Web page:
William & Kate Johnston, which is listed on the United Kingdom’s National Register of Historic Vessels, was launched in 1923. She was designed as a prototype lifeboat by James R. Barnett, Consulting Naval Architect to the Royal National Lifeboat Institution. She was built, with double diagonal teak hull, by J. Samuel White and Co. at Cowes.


At the time of her launch she was the largest lifeboat in the world. (Length: 60 ft; Bre. 15 ft; Displacement 44.5 tons; cruising speed 9 knots; cruising radius 200 nautical miles.)

The William and Kate Johnston’s previous owners rigged her as a gaff ketch. She is currently undergoing extensive restoration. To help with this the current owners plan to charter the vessel for private cruising, training and corporate hospitality.

They also plan to make the boat available to teaching establishments, social groups and charities. To preserve in seagoing condition this exceptional prototype lifeboat, a rare vessel of considerable historic significance, they are also actively seeking sponsorship. Please contact us if you would like further information.



William & Kate Johnston was on station at New Brighton at the entrance to the River Mersey from 1923 until 1950.

She saved more than two hundred lives. Two of her Coxswains were awarded Silver Medals.

The vessel also received a special award from the Government of France for rescuing the French steamer Emile Delmas in the early hours of 24 November 1928. This is an exceptionally proud record.

The crew of the William & Kate Johnston shortly after the rescue of the French steamer Emile Delmas.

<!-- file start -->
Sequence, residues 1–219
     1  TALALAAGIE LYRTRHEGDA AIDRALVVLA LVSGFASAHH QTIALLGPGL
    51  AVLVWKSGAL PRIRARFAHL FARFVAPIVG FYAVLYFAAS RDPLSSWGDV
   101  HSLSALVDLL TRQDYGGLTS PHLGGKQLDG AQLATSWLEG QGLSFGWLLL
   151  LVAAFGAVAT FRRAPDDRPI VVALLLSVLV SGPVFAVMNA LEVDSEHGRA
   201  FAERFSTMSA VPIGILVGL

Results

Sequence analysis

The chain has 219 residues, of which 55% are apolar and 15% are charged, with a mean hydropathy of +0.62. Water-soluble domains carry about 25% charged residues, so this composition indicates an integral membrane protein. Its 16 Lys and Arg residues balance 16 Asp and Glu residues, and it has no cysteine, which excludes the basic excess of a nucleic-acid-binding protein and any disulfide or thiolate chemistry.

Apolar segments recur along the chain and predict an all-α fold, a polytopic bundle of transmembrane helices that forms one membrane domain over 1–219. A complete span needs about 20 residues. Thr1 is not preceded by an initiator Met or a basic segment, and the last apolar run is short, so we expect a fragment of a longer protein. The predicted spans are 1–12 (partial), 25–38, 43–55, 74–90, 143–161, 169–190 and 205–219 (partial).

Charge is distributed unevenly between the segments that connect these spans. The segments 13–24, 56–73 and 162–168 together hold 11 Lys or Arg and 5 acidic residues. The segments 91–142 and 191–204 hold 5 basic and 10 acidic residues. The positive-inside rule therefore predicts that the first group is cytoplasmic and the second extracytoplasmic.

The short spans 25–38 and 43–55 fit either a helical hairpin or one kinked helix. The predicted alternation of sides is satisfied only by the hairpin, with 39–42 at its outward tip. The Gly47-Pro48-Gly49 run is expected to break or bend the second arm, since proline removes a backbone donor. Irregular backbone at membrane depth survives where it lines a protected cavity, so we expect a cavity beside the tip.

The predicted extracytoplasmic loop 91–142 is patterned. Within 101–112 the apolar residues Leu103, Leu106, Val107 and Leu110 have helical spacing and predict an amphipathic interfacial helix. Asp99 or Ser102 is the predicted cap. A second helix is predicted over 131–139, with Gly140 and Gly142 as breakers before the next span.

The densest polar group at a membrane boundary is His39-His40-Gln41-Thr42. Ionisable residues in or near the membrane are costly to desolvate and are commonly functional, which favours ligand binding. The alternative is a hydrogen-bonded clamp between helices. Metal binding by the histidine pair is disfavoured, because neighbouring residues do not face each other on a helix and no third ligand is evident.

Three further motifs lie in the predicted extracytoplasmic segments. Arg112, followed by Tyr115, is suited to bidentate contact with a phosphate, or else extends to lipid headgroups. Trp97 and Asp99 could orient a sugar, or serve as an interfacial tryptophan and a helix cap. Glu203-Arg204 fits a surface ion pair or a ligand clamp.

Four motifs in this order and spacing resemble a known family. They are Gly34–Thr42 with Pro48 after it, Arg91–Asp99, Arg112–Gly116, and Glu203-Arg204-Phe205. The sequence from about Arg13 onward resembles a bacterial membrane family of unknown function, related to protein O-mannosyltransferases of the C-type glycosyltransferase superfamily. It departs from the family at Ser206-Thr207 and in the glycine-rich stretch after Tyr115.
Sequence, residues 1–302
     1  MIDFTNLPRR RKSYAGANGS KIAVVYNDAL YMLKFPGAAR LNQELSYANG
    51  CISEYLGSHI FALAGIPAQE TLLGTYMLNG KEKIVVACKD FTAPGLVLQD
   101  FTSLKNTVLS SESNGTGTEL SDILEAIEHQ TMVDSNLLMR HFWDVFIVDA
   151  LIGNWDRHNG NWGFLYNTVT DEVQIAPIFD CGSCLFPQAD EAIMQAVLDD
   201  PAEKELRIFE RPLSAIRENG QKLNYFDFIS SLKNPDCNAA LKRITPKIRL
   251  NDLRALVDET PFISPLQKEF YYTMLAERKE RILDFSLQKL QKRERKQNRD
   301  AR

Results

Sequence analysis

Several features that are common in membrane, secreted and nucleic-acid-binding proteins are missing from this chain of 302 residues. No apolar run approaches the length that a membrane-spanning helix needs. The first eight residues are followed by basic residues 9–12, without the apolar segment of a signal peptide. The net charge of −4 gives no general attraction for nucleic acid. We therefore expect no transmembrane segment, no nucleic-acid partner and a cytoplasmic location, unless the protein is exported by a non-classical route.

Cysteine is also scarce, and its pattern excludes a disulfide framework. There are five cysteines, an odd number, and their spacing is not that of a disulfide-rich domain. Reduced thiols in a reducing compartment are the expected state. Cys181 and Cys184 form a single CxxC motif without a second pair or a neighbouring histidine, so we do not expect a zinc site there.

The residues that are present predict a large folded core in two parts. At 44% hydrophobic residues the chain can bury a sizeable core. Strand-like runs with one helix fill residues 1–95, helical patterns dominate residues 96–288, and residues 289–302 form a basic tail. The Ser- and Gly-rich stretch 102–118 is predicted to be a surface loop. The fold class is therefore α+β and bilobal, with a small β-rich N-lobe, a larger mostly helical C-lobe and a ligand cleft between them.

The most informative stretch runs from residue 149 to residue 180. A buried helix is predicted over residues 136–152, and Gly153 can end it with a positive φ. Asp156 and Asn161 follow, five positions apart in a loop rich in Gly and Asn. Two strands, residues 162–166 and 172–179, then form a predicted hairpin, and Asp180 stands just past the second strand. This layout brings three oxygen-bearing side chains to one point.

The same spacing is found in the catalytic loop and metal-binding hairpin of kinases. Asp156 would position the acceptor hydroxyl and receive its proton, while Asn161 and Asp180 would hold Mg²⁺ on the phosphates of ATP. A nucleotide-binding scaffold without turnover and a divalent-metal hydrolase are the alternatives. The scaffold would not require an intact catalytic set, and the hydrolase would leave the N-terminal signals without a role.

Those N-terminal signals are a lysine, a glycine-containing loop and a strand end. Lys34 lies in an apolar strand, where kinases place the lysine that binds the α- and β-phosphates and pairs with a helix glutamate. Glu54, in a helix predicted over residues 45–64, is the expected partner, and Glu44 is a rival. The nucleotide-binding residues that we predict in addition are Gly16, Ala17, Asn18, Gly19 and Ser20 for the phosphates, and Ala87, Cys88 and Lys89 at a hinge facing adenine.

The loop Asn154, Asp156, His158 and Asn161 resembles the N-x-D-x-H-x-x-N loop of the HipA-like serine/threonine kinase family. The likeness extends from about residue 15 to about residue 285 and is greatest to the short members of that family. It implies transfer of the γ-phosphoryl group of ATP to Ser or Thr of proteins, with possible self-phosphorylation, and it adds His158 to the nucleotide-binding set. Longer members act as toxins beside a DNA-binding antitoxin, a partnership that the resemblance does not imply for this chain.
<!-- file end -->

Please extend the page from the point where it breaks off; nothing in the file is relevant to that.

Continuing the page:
The lifeboat historian Nicholas Leach has written:

The 60ft Barnett class represent one of the best and most seaworthy designs ever built for the RNLI, as well as one of the most elegant …. With a displacement of forty tons and a draught of 4ft 6ins such a lifeboat had never before been built. Her size however meant that she was immediately limited to operating from stations where she could be kept permanently afloat ….

The class had flush decks, without sunken well or cockpits. Shelter for the crew, engine controls and engine room hatches were all mounted at deck level. For the first time two cabins were provided, one fore and one aft, which could hold between them about fifty people. As they were fitted with a stove and lavatory “for the first time it will be possible to give at once to the rescued shelter, warmth and warm food”. This was quite a bonus and rather a novelty for the time …. The innovation of shelters, as they were then, was quite novel for the RNLI as crews were expected to be able to cope easily with anything the sea threw at them more or less unprotected. Barnett considered this shelter useful as it “also affords considerable protection to the coxswain and other members of the crew stationed aft.”

The hull was constructed of teak, double skinned with eleven transverse and three longitudinal steel bulkheads which formed fifteen main water tight compartments. The idea of having two engines … impressed the RNLI’s technicians quite considerably, in fact so much so that only a jury rig was provided consisting of a small triangle fore lug and jib which could be set on a single mast … Although not self righting the hull was considered unsinkable, a word which has been bandied about when talking about lifeboat designs from before 1800 right up to the present day. Suffice to say she was as near to unsinkable as the skills of her time permitted. No expense was spared.”

(extracts from “The Largest Lifeboats in the World” by Nicholas Leach,1992)